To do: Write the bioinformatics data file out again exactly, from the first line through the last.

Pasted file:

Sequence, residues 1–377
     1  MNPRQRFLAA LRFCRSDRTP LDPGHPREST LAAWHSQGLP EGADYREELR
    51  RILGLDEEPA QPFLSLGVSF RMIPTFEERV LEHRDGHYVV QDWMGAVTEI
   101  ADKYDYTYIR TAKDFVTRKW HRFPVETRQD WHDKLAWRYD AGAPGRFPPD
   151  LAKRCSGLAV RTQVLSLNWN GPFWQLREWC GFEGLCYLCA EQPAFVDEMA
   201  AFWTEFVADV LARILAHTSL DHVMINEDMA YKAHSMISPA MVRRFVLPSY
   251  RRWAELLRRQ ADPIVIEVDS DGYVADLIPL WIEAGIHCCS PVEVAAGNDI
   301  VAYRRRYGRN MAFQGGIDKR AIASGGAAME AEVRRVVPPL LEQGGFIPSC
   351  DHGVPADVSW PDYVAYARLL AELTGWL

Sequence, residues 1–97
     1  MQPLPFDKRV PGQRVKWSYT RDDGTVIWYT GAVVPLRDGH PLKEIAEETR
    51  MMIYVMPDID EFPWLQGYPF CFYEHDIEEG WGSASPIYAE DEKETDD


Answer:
Sequence, residues 1–377
     1  MNPRQRFLAA LRFCRSDRTP LDPGHPREST LAAWHSQGLP EGADYREELR
    51  RILGLDEEPA QPFLSLGVSF RMIPTFEERV LEHRDGHYVV QDWMGAVTEI
   101  ADKYDYTYIR TAKDFVTRKW HRFPVETRQD WHDKLAWRYD AGAPGRFPPD
   151  LAKRCSGLAV RTQVLSLNWN GPFWQLREWC GFEGLCYLCA EQPAFVDEMA
   201  AFWTEFVADV LARILAHTSL DHVMINEDMA YKAHSMISPA MVRRFVLPSY
   251  RRWAELLRRQ ADPIVIEVDS DGYVADLIPL WIEAGIHCCS PVEVAAGNDI
   301  VAYRRRYGRN MAFQGGIDKR AIASGGAAME AEVRRVVPPL LEQGGFIPSC
   351  DHGVPADVSW PDYVAYARLL AELTGWL

Sequence, residues 1–97
     1  MQPLPFDKRV PGQRVKWSYT RDDGTVIWYT GAVVPLRDGH PLKEIAEETR
    51  MMIYVMPDID EFPWLQGYPF CFYEHDIEEG WGSASPIYAE DEKETDD